This altar piece of tempera and gold leaf on a panel was painted by Stefano d'Antonia di Vanni in 1430. The Annunciation scene depicts the Biblical story in which the archangel Gabriel tells the Virgin Mary that she will give birth to the Son of God. Haloes were a common way of depicting spiritual dialog in religious images. Above them in the spandrel, is David, depicted as the Old Testament Prophet. Behind Gabriel is a garden, meant to symbolize Mary's virginity. The three predella panels painted at the base, show Mary's birth, her presentation at the Temple, and her death. The use of color in this scene is beautiful, with Mary being clothed in blue and gold, and Gabriel in light red with wings of rainbow feathers. The perspective of this piece of art is a little strange, in that the lines don't all move in the same direction, which gives the impression that the artist wanted the focal point to be in the middle where the conversation exchange happened. As with many works of art in the Renaissance, the draping of the fabric is realistic, giving movement to the image, along with the heavenly figure reaching down from the top left of the scene.
The Adoration of the Magi is a tempera painting on a panel, painted by Cosme Tura in 1480. The scene depicts the three Magi presenting gifts of gold, frankincense, and myrrh to the Christ Child, accompanied by Mary and Joseph. Reds, blues, black and gold are predominant in this striking image. Depth is achieved with shadowing and the layering of the characters within the scene, and the background of the brick wall and hills in the distance, and movement is achieved by the actions of the figures of handing or receiving objects. The perception is a bit strange with the brick arch in the background, but seems to be consistent with the left or right profiling of characters.
This tempera, oil and gold painting on a panel was painted by Matteo di Giovanni between 1430-1495. The Madonna and Child with Saint Anthony of Padua and Saint Nicholas of Talento is a vibrant and beautiful rendition of Sienese art. The punchwork in the gold leaf and the stylized poses of the characters with remarkable realistic features make this piece stand out. Mary and the Christ Child are front and center, with Saint Nicholas of Tolentino to the right, Saint Anthony to the left, and angels the background. The facial details are striking, with their smooth and graceful features. The depth is achieved with the layering of the characters, giving a defined perception pointing to the heads Mary and the Christ Child. There appears to be little movement in this piece, compared with others, since this style tends to depict poses rather than action.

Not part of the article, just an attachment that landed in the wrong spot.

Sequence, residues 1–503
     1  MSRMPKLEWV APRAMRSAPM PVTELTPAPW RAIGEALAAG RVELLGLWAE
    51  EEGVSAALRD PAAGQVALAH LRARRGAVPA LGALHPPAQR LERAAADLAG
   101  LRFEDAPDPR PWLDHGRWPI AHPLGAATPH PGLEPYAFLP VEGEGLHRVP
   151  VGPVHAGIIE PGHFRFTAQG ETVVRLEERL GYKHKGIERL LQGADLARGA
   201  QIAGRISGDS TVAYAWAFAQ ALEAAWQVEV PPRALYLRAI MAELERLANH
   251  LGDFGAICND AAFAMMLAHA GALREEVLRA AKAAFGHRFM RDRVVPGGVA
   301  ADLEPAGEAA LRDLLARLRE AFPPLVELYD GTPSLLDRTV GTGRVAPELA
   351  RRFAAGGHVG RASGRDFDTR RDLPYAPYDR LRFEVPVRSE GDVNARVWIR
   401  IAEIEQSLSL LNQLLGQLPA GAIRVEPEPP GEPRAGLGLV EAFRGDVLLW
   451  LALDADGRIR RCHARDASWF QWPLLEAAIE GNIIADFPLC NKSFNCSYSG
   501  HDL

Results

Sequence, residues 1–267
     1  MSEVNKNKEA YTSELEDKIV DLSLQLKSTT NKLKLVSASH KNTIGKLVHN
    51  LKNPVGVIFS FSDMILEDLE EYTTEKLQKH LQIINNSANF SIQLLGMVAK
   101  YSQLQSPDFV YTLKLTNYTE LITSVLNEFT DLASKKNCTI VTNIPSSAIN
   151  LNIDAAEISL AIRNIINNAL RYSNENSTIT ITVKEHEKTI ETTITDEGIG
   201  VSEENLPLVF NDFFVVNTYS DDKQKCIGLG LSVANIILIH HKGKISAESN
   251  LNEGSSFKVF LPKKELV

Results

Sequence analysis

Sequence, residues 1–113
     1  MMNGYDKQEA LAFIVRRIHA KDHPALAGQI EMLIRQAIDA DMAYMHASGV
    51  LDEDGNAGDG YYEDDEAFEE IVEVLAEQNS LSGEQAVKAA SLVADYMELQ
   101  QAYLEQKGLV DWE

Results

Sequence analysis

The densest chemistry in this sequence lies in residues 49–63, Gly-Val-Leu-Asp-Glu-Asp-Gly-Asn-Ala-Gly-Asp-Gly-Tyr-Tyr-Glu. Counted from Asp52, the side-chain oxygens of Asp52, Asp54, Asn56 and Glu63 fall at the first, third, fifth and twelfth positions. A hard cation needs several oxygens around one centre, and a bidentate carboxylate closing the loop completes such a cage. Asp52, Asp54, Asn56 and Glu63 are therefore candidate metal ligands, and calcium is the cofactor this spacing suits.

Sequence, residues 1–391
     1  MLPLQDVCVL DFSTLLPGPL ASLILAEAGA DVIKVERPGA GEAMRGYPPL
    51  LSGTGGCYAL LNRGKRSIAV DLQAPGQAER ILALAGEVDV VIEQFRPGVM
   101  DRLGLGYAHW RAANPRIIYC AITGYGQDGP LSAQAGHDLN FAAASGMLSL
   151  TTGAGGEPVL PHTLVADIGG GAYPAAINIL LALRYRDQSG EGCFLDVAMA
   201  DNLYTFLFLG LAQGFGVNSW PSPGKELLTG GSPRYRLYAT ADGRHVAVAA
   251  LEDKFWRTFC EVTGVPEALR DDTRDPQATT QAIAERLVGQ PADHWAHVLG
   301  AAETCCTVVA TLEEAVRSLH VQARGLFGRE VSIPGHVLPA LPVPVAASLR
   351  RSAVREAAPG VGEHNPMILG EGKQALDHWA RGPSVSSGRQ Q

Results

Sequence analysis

This tempera and tooled gold on a panel was painted by Zanobi Strozzi in 1450, and depicts the Virgin and Child with Four Angels and the Redeemer. Mary and the Christ child are front and center, surrounded by the four angels. Above them, on a triangular panel, God is depicted looking down on them. The gold leaf is intricately tooled with beautiful designs and halos around the characters. Blues and reds dominate the scene against the gold. The draping fabrics and shadowing gives a flowing, graceful movement, along with the baby's outreaching arms. The perception lines draw the eye to the center of the piece, where Mary's robe creates a black circle around the two of them.
This altarpiece of tempera on a panel was painted by Matteo di Giovanni in 1464. The Annunciation with Saints John the Baptist, Bernardine of Siena; Crucifixion, Saints Peter and Paul is a replica of the famous Annunciation painted by Simone Martini and Lippo Memmi in 1333 for the Duomo of Siena. A beautiful depiction of Sienese style, the figures are posed, with facial features being incredibly detailed and realistic. Within the scene, the archangel Gabriel visits the Virgin Mary to tell her she will give birth the Christ Child. Surrounding the figures are Saint John the Baptist, Saint Bernadine of Siena, the Crucifixion, Saint Peter, and Saint Paul. The dominant colors are red, black, brown, and gold. Sienese art is highly stylized with the way the bodies are posed, and perception is often limited to a few angels which are all used within the same scene. Hand gestures, haloes, and symbols are used to convey more depth in meaning.